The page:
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How Much HTML/CSS/JS Do You Need to Know Prior to Learning React?

by kirupa   |   filed under Learning React

It seems like everybody and everything is looking for someone with React expertise. Given how popular React has become, a common question I get goes something like this:

My answer typically looks like this (and yes, it is actually longer):

In this article, I want to dive a bit deeper into the answer I provided and a bit of my thought process behind it.


React is a Layer on Top of JavaScript

React is a strange looking creature. While it looks like its own programming language, it is really just another JavaScript library at the end of the day:

This means that it still builds on top of and relies on HTML, CSS, and JS for all its functioning. Here is why this detail is important. There are a number of things you can exclusively do inside the React layer when learning and working on simple examples. As you get more familiar with React and start to build more complex applications, you will need to access the traditional HTML, CSS, and JavaScript layers as well, often mixing and matching React and traditional web code seamlessly as highlighted in the following weather app (click the Play icon to watch the video of the app in action):

This app is a good example of something that is in the medium complexity bucket. React plays a big role in how the UI is structured, but the actual definition of the content, the layout, the colors, and the logic for fetching the data, and so on is defined in a combination of HTML, CSS, and JavaScript. You can take a look at this weather app's source code to get a better idea of what to expect.

So...How much HTML/CSS/JS Should I Know?

This really is the million dollar question, and the answer depends on how much you know right now. If you are already familiar with the basics and can build a simple web page with some interactivity, then you should probably be in good shape to get started with React and be successful in learning it. If you aren’t too familiar with HTML or CSS, you may have some difficulty getting your app to look right. That doesn't immediately block you from learning React. Now, if you have little to no JavaScript knowledge, then that is a different story. While I would prefer you learn everything in my free JavaScript 101 course, if I had to selectively list some topics you should be familiar with, they would be: Working with let and const Variables, JavaScript Objects, Closures, Using Classes in JavaScript, and Arrow Functions. There may be a few other things to learn or brush up on, but you can learn those things on an as-needed basis.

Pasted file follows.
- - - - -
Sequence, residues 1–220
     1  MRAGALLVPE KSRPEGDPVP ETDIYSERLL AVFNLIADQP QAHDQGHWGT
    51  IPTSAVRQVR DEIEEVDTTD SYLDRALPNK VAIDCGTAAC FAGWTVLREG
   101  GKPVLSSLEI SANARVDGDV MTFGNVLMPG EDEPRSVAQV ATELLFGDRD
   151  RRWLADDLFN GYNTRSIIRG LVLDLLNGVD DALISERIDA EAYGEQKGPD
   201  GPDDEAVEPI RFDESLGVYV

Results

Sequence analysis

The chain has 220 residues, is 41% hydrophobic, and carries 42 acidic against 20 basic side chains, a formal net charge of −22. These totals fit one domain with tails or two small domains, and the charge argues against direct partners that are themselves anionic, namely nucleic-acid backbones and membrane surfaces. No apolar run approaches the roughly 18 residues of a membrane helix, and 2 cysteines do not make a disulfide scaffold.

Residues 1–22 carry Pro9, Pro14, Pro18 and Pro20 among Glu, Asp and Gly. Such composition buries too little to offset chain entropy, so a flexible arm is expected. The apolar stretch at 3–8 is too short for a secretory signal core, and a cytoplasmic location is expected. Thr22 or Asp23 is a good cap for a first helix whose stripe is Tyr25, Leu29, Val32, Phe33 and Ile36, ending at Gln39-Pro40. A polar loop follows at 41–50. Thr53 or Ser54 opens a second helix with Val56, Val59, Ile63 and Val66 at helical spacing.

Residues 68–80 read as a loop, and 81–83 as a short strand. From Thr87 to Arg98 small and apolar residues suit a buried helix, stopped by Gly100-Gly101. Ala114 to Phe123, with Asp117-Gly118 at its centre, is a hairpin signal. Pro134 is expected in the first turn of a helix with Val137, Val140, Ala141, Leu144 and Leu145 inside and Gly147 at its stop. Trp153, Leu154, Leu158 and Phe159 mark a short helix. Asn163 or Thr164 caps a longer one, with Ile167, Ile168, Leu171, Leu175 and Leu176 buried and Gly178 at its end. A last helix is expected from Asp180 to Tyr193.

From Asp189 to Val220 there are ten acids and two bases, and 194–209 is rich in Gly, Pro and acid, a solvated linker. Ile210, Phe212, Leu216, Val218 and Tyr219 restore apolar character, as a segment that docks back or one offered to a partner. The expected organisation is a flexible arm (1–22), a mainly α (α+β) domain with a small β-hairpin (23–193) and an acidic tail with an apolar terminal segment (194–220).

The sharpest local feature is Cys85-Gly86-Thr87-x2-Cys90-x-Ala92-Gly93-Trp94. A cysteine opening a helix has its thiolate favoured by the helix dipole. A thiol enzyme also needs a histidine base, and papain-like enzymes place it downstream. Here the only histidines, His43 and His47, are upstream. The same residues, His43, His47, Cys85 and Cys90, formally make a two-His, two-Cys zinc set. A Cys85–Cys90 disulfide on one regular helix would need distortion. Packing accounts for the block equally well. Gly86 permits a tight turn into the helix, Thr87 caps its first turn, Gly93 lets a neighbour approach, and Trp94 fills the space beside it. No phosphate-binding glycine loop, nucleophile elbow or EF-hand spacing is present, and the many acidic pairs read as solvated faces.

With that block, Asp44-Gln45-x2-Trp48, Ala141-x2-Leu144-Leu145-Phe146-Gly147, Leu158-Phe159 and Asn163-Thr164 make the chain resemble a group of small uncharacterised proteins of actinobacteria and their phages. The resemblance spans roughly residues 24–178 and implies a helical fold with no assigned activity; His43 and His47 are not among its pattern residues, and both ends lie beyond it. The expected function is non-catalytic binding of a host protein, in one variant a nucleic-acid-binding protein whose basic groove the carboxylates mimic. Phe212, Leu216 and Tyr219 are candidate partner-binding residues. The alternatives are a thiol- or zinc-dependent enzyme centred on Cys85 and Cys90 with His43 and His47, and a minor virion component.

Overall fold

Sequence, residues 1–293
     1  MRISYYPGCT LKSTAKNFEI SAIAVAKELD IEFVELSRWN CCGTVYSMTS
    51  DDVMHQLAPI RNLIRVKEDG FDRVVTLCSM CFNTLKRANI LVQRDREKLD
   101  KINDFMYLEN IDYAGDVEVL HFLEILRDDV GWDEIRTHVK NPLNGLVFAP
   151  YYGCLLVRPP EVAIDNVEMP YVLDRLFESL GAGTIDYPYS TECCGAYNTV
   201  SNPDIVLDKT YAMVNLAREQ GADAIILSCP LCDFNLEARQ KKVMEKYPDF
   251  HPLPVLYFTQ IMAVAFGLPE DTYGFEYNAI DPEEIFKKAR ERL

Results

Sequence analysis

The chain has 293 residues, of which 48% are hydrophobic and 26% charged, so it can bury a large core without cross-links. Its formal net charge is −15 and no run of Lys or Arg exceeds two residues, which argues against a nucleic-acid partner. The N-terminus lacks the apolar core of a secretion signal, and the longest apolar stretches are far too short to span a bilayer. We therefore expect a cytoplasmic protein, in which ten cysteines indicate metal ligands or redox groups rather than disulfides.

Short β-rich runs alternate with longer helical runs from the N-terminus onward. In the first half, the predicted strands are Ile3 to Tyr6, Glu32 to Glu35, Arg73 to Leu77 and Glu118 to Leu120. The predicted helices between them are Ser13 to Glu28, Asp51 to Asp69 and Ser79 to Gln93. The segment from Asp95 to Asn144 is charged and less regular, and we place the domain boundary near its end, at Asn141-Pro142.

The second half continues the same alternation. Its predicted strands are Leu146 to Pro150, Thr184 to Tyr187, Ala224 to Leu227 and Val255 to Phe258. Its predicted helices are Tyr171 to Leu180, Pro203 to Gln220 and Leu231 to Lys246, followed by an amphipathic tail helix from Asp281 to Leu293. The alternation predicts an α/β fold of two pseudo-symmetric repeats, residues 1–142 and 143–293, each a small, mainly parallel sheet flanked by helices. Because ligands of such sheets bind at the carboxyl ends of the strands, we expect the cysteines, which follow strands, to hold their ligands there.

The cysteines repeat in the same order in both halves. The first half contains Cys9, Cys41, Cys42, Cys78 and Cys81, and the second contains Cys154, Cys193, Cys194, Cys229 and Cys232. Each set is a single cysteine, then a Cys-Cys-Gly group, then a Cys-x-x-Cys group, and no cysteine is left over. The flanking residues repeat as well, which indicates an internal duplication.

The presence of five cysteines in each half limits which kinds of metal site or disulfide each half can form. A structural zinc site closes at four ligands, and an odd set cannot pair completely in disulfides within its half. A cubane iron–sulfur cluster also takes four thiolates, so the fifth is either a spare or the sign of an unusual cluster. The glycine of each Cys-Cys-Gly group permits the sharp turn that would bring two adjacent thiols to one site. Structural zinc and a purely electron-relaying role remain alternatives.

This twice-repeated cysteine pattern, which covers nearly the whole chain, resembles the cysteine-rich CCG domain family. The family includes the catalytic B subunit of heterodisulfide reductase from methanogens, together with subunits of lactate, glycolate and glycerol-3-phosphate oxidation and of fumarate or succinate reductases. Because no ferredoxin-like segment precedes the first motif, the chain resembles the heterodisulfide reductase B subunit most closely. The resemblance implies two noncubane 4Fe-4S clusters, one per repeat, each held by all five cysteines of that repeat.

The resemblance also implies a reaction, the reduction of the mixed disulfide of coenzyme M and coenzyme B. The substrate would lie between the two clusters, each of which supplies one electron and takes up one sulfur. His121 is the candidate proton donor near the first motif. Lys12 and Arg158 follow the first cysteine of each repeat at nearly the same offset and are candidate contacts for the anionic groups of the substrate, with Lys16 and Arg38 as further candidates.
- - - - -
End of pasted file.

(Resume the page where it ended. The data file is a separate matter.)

To figure out where your current knowledge of HTML, CSS, and JS stands, take a look at the first couple of React tutorials and see if you are able to make progress and understand what is happening. If you are getting stuck a little too much, then I would encourage you to take a detour and learn the JS basics first. You will be glad you did.

Where You Learn from Matters

A big factor in how successful you will be in learning React depends on where exactly you are learning it from. If you are learning from a resource whose introductory React tutorial expects you to know how to setup your build environment, use all the latest JavaScript (aka ES6+) features, and perform other complex tasks, that complexity can be overwhelming if you don’t have some prior familiarity with all of these requirements:

If you are learning instead from a resource that doesn’t introduce all this complexity (like the React for Beginners tutorials found here) at the very beginning, you will have a much easier time ramping:

There is no right or wrong approach here. The end result of both approaches when you reach an arbitrary deadline of Day 100 is that you still learn the important parts of React you need to be dangerous. The only difference is in the steepness of the path you take to get there. You should ensure you pick a resource that matches your current level of HTML, CSS, and JavaScript understanding so that you learn at a pace that you are happy with.


In an ideal world where you have no obligations and plenty of free time, going deep and broad on HTML, CSS, and JS first before learning React is the right thing to do. Too bad we don’t live in an ideal world. You may be asked to suddenly jump head first into an existing React code base to help. You may be applying for a job that needs React skills, and you want to learn as much as quickly as you can to pass the interview. Or you may just have heard a lot about React and you want to learn more about it. Whatever your reason, my goal and the goal of many others who spend time creating learning resources isn’t to discourage you from learning something new. You should just be aware of what issues you may encounter if you jump into React without first knowing some common HTML, CSS, and JS concepts.

Next tutorial: Introducing React

Just a final word before we wrap up. If you have a question and/or want to be part of a friendly, collaborative community of over 220k other developers like yourself, post on the forums for a quick response!

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